1. 5
1.

2. 2

I don’t personally use LaTeX on an iPad, but this article mentions Texpad. I don’t really use a lot of commercial applications, but Texpad is probably the best 25€ I have ever invested. It has a live preview mode, and unlike all other editors, live really does mean live: as soon as you type a character, it appears in the PDF preview. They have some sort of custom TeX engine to do that. It also has a very capable syntax completion (that will also complete any macros and things you define) and if you type a symbol like \varepsilon, the completion thingy has a little preview of whatever symbol you’re writing right now, which is utterly useful when you can’t remember if \epsilon or \varepsilon is what you want. I don’t know anything about their iOS app but if anyone needs a good LaTeX editor, be sure to check it out.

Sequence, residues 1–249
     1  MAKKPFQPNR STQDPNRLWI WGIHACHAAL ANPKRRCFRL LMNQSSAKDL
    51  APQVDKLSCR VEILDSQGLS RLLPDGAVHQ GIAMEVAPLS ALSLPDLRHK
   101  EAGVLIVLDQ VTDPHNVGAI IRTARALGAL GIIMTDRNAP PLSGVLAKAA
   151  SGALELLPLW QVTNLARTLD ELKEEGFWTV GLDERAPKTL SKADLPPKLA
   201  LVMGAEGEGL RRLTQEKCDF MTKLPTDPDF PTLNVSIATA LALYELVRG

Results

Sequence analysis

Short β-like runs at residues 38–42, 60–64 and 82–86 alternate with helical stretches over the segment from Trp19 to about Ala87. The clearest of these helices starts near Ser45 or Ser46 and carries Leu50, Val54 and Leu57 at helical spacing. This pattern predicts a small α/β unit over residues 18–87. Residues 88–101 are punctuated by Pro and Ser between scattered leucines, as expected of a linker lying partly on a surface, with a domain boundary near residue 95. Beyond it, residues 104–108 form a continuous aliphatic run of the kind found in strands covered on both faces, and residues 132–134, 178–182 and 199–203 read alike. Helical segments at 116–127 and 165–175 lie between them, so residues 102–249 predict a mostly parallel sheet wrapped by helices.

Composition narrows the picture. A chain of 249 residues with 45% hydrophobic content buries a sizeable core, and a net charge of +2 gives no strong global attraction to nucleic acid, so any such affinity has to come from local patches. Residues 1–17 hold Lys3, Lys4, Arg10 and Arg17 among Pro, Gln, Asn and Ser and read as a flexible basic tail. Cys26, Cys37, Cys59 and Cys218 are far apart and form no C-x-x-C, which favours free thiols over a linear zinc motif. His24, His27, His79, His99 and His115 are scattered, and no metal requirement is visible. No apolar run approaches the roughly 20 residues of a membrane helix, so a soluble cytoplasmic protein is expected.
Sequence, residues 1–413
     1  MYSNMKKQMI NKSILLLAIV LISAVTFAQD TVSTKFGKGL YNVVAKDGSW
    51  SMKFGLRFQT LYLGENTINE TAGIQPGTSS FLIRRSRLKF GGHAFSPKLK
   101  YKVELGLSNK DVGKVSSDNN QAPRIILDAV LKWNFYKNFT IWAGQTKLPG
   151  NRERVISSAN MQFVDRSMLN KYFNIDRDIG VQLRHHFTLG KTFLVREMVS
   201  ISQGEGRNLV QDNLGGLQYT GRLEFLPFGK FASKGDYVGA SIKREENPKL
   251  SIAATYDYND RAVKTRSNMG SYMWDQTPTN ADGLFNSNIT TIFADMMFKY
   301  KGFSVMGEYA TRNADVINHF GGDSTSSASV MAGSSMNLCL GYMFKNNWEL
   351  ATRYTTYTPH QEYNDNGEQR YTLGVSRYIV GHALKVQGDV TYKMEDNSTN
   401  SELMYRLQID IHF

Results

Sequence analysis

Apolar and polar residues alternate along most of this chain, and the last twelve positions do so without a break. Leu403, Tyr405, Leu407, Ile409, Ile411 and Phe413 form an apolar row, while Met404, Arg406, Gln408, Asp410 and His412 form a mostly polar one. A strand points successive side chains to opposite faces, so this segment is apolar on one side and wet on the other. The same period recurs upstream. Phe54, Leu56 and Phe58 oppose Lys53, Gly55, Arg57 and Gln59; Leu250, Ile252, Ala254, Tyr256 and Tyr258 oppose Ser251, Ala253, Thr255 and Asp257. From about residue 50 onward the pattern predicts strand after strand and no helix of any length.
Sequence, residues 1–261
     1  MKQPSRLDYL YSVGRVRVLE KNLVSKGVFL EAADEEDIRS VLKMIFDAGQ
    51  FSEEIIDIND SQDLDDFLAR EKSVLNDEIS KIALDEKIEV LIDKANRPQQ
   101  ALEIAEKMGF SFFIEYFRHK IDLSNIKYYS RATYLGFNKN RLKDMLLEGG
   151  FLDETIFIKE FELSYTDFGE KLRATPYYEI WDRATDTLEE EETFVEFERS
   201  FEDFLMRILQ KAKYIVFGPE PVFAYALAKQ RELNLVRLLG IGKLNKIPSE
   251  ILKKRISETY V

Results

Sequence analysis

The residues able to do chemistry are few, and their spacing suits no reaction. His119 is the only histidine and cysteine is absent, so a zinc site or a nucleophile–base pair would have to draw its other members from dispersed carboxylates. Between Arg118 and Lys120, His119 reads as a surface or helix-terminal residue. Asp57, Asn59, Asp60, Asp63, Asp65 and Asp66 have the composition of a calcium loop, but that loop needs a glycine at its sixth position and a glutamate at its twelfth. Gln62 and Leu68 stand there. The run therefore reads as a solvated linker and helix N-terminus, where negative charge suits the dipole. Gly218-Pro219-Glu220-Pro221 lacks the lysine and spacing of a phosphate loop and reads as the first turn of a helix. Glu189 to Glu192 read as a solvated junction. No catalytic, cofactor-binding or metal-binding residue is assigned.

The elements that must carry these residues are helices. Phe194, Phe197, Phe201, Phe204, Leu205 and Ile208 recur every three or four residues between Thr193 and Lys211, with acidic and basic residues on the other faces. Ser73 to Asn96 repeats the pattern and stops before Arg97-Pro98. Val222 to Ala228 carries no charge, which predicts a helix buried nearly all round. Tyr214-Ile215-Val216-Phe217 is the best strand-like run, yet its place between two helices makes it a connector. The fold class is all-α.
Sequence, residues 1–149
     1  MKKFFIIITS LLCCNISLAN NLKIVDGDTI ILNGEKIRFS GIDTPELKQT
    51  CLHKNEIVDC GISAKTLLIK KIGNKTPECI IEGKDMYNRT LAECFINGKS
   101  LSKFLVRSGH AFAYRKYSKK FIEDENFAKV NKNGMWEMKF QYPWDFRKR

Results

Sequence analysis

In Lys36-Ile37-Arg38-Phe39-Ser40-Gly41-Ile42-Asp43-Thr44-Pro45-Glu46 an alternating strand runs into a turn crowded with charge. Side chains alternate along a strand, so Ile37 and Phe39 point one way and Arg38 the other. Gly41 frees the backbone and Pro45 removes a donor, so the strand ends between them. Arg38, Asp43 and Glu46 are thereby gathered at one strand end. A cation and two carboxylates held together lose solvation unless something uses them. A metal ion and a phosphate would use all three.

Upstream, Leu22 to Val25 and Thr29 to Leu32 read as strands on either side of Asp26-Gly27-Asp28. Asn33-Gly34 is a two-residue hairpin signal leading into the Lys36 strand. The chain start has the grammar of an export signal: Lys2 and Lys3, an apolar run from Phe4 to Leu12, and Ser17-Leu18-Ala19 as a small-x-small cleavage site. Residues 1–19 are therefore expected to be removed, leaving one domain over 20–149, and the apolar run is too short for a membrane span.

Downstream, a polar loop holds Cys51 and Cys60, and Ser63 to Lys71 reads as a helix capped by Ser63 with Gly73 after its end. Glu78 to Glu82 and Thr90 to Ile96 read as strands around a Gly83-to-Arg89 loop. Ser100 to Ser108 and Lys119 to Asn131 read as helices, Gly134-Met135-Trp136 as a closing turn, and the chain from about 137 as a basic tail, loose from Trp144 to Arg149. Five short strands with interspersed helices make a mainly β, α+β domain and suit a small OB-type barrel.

1. 2

Not an iPad owner, but looking at their webpage, it seems they actually implement local/offline typesetting for the most common use-cases. Not sending my data to unknown online services is for me a game changer in any mobile application.

1. 1

I think I’d rather share my data with a (UK) company than have to mess about debugging an iOS build of LaTeX without access to a console of any sorts? But the great thing about LaTeX is that there is no vendor lock-in, so we’re all free to use whatever is most practical!

2. 1

Anyone have experience of doing this on Android?

1. 1

Who needs LaTeX when LibreOffice runs native on your Java-based phone?

1. 1

Someone who wants to use mathematical symbols withour being driven to the brink of suicide perhaps?